Lillian Bjorseth – Speaker and Author
Lillian Bjorseth is synonymous with networking in the Chicago area. The Chicago Tribune calls her a “networking expert,” and the Association Forum of Chicagoland dubs her the “business networking authority.” She’s co-founder of the Greater Chicago Networking Extravaganza. Lillian is known for engaging you, enthralling you and inspiring you as she speaks, trains and coaches nationwide. She’s the author of Breakthrough Networking: Building Relationships That Last, (now in the third edition). You can visit her blog and website to learn more about the work she does.
Josh Hinds: How do you define Business Networking, and why do you think it is important?
Lillian Bjorseth: Networking is an active, dynamic process that links people into mutually beneficial relationships to build a new kind of wealth: social capital.
Active – You cannot sit back and wait to be contacted or approached. You have to make it happen! The knight or princess on the white horse will not ride up to your door with referrals or job offers. You have to take the initiative to participate and meet others.
Dynamic – People, events and information are constantly changing. No two interchanges are the same. You have to keep up with your industry, your business, your company, your community, your friends, and, most of all, you have to hone your techniques continually so you can apply them universally.
A process – Networking is a series of hierarchical actions and interactions that leads to an end: a result, a solution, a relationship, an answer, a sale, a job.
Links – The process connects, bonds and couples people with one another. A chain is only as strong as its weakest link, and your network is only as strong as your weakest relationship.
Mutually beneficial relationships – Networking is as much about giving as it is about getting. You and people you connect with and connect to others need to mutually profit from the interactions to make it work. Just as you can’t take money from your savings account until you deposit it, you can’t take from the universe until you have helped others. And you don’t need to keep track because the natural law of reciprocity makes sure you will get when you give.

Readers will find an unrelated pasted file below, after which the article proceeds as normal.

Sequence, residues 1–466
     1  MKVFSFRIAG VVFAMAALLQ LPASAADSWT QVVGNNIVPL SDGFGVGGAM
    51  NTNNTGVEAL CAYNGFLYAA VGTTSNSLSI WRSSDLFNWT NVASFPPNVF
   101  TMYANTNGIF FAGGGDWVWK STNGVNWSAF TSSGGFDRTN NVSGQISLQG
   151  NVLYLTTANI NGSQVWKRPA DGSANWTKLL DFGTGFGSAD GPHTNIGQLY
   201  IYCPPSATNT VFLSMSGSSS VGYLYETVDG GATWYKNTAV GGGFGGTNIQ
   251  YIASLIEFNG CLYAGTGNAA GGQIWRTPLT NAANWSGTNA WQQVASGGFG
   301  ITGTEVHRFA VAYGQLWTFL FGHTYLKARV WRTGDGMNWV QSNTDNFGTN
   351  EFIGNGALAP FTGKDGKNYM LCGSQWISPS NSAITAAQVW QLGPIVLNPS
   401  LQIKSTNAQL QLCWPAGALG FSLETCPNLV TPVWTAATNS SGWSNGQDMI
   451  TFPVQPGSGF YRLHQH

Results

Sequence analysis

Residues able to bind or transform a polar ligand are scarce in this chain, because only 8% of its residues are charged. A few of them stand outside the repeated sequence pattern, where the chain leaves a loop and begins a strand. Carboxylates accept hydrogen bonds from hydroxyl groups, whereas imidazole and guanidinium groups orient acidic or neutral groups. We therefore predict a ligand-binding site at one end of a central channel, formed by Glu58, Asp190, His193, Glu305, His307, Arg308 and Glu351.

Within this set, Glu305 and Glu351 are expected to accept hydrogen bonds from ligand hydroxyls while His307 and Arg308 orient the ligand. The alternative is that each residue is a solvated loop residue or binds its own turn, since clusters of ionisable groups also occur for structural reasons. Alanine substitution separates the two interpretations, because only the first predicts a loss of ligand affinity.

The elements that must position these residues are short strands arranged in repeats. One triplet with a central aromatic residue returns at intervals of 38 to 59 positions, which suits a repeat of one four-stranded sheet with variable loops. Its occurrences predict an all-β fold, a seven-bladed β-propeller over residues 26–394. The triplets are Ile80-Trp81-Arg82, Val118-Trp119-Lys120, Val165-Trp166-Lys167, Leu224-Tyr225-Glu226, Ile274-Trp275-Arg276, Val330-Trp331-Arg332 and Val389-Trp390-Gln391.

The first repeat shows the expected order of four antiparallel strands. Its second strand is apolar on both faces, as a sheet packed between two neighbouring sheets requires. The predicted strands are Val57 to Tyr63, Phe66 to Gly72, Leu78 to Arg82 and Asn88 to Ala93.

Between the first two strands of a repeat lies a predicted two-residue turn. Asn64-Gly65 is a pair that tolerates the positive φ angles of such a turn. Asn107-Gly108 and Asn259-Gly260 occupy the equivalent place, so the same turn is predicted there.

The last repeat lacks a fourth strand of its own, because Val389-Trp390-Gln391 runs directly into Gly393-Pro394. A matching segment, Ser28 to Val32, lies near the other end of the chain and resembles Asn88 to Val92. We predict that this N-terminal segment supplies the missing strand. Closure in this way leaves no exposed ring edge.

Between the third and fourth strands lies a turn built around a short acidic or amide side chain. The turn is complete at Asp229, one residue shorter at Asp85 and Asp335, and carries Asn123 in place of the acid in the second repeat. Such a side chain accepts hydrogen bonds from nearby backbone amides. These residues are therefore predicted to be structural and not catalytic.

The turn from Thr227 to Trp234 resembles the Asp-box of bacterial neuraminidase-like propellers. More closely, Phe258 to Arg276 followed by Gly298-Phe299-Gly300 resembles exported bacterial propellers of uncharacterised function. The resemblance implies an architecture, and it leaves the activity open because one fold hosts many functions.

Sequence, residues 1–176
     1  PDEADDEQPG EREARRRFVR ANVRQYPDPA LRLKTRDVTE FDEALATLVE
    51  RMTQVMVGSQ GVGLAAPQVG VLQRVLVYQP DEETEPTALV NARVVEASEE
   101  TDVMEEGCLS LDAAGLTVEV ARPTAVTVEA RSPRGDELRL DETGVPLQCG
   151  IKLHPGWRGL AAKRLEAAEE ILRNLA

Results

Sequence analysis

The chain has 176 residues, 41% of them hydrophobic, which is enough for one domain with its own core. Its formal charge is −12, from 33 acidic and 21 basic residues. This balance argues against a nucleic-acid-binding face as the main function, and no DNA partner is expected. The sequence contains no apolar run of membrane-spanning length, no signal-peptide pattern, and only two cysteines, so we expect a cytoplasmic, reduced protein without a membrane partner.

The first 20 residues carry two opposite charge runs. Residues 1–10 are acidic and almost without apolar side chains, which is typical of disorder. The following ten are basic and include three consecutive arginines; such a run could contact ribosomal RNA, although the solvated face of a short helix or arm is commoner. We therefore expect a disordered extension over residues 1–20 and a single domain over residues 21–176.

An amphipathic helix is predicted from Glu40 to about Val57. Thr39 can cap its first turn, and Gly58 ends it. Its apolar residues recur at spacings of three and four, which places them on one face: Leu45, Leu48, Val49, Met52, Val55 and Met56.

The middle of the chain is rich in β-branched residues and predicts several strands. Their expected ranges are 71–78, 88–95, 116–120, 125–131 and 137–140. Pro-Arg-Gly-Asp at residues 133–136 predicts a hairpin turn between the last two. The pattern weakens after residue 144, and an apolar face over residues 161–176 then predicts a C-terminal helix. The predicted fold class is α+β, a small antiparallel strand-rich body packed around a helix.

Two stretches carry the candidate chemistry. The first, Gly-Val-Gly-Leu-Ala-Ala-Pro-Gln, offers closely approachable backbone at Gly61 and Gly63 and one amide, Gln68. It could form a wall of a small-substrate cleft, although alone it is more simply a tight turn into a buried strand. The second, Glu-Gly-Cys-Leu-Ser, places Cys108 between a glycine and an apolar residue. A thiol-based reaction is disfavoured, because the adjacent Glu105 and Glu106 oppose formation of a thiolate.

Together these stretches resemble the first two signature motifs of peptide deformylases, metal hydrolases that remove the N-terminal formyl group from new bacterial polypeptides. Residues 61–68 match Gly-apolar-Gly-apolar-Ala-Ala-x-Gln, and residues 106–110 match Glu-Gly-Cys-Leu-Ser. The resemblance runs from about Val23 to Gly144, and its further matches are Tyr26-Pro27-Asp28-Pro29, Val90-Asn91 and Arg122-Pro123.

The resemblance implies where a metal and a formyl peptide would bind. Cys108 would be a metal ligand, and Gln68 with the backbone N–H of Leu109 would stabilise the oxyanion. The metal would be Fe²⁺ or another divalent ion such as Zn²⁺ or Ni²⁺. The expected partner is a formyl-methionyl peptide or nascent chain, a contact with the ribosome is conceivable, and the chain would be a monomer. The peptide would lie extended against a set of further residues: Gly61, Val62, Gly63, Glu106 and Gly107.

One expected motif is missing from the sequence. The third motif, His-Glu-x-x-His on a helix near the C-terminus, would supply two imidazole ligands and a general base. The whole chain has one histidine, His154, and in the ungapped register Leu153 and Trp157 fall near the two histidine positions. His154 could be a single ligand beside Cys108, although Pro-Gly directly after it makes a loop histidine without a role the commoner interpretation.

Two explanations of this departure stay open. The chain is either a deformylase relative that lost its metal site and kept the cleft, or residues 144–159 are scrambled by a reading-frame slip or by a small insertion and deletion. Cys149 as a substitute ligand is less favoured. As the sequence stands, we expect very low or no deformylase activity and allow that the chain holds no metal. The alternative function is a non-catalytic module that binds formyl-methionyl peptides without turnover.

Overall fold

Social capital – This kind of wealth – your network of knob turners – is what helps you amass financial capital. Who you know is more important up front than what you know. Advanced degrees and experience won’t open doors for you. It’s people who do that.
Josh Hinds: Can you share a few ideas that someone could put into practice that would help to improve their business networking skills?
Lillian Bjorseth: Create a written relationship-building plan. This process will save you from repeating one of the big errors so many people make: they don’t take time to clearly define their target market or set goals. They fish for trout in a catfish pond and in so doing waste a lot of precious time and money and never find the “fish” they are seeking. A plan helps you equally well whether you are looking for your first job, wanting to change jobs, looking for a promotion or lateral move, are in transition or are self-employed. It’s easy to update the plan annually once you have created it.
Become a student of Impression Management. While there are 86,400 seconds in a day, it takes only 10 or fewer to create a first impression. Business networkers need to decide what impression they want to make at events and meetings and then know how to make that impression.